Hello Everyone :) It's been a while since I've posted on fictionpress and I don't know why. But this is a one-shot that I actually wrote for my English class. We had just finished reading One Hundred Years of Solitude and if any of you have read that you know that a main theme is Magic Realism-or when normal everyday things are seen as magical and magical things are seen as normal. Anyway, we had to write a short story using Magic Realism and this is what I wrote. And I actually like it a lot so I thought I would post it on here. Let me know what you think:) Reviews are returned:)
The Old Woman and Her Menagerie
The caravan trundled into the town during the hottest part of the day, the noise preceding the sight of the little rickety train of carts cresting the hill of the dirt road that led into the village. The children were the ones who spotted it first and alerted the rest of the town by running from door to door, poking their heads in and shouting in delight about its arrival. The men and women, although having already seen the caravan and its wares more than a handful of times in their life, smiled and set down what they were doing to stand in their doorways and watch its procession down the main street of the village. They whispered to one another, reminiscing of the last time it had come and wondered what the old woman had brought with her on this visit.
By the time that the train stopped in a clearing just after the beginning of the woods, almost every child in town, along with a few of the younger adults who could not remember the last time the caravan had come, had gathered to watch as several men emerged from one of the carts and set about unloading. They spoke to one another in a strange language as they drove large iron spikes into the ground and were soon drenched in sweat from the hot sun that was beating overhead. Some of the children, on the pretext of going to pet the two donkeys that pulled the train, tried to peek into the partially open doors to see what lay within but were soon shooed away with a loud yell from one of the workers. They scampered away laughing to join the rest of the group who were watching in awe as the white tent rose slowly before them, blotting out the sun. It wasn't a big tent, but it was magnificent all the same.
The men didn't stop to admire their handiwork as the last of the guide ropes were tightened, but wiped their brows with dirty hands and threw their tools back into the cart they had unpacked them from. As the rest of the workers moved to the other carts and began to unlock the bolts that held them shut, the biggest man peeled away from the group and came to stand in front of the crowd of bystanders which had grown in the time it took for the tent to be raised. He gestured from the group back to the village saying something in his strange tongue, trying to convey that they were to leave now while they unpacked the rest of the train. It took several minutes for the older watchers to figure out what he wanted, but eventually they began leading the protesting children back to the village promising they would return later.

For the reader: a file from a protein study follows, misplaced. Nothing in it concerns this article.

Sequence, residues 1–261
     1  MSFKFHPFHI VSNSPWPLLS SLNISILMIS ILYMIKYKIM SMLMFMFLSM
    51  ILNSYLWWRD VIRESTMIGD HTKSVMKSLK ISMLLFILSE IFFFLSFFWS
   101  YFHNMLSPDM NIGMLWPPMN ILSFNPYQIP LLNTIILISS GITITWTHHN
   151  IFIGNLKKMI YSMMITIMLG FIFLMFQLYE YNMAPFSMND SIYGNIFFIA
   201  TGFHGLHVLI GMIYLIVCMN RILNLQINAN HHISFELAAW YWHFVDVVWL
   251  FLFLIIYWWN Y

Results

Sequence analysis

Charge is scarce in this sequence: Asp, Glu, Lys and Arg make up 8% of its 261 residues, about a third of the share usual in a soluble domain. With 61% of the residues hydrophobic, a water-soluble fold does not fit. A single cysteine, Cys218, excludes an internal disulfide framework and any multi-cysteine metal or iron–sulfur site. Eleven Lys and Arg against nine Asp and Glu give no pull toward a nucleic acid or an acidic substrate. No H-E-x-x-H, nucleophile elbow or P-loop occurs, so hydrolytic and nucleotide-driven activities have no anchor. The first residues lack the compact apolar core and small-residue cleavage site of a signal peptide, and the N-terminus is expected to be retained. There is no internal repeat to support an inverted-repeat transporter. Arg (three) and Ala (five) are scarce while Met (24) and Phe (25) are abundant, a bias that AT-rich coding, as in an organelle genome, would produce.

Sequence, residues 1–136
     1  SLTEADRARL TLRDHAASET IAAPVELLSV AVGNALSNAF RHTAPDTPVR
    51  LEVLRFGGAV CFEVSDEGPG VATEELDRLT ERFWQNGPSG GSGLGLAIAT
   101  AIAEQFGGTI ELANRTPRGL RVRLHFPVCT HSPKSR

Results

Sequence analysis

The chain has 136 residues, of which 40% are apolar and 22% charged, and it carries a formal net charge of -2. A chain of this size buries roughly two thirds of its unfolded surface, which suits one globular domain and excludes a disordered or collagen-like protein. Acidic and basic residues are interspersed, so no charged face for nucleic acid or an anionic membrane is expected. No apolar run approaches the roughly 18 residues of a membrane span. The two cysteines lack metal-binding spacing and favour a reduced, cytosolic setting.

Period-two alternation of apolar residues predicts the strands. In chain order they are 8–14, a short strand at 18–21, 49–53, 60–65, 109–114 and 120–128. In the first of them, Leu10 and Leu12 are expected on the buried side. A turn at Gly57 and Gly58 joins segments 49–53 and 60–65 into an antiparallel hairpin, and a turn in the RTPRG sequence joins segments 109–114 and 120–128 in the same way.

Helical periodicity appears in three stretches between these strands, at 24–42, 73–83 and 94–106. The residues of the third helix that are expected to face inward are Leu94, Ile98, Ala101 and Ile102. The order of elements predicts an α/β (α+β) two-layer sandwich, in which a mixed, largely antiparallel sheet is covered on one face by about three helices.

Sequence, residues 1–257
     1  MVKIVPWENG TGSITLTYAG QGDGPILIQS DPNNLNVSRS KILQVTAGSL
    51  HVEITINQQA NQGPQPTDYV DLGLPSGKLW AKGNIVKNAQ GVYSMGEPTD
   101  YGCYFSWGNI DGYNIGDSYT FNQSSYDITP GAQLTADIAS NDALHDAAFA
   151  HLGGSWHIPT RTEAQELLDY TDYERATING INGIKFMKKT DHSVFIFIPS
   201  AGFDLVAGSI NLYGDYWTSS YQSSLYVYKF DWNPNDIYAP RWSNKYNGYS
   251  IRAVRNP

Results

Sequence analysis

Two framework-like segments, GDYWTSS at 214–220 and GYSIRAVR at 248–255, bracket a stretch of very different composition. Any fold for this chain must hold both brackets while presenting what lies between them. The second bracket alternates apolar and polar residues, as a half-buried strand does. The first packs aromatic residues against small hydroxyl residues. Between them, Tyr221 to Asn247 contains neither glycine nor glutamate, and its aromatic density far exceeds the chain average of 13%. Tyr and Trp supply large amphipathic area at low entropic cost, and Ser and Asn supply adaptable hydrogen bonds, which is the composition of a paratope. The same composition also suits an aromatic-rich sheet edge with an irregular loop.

It became necessary to place guards on the road leading to the caravan and the mysterious things it had brought as children tried to sneak away to see what was being unloaded. Parents even assigned their children useless tasks like sweeping their dirt floors or weeding a garden that was only weeds in the first place in an effort to try and divert their attention from the train. But soon the parents found their own imaginations wandering toward the caravan and eagerly anticipating sunset when they would be allowed to go back and see the old woman and her menagerie.
Only when the sun was swallowed by the horizon and torches were lit to illuminate the road that led to the train, did everyone in town set down what they were doing and make their way towards the clearing. They all filed into the tent, their hushed whispering joining the choir of crickets and tree frogs. All throughout the room were tables, on which stood something covered by a red shawl and guarded by one of the workers who watched the crowd like so many impassive statues.
A bell tolled somewhere and from the side of the tent that rubbed up against the train, a ramp unfolded. From the gloom inside emerged the most ancient woman any of the townspeople had ever seen. A braid of silver hair swung down around her ankles, and clouded blue eyes stared out from a face that had more folds than the heavy skirts and shawls that hung from her body. She spread her gnarled hands wide and revealed a set of astonishingly perfect teeth in a warm smile while continuing on bare feet down the ramp.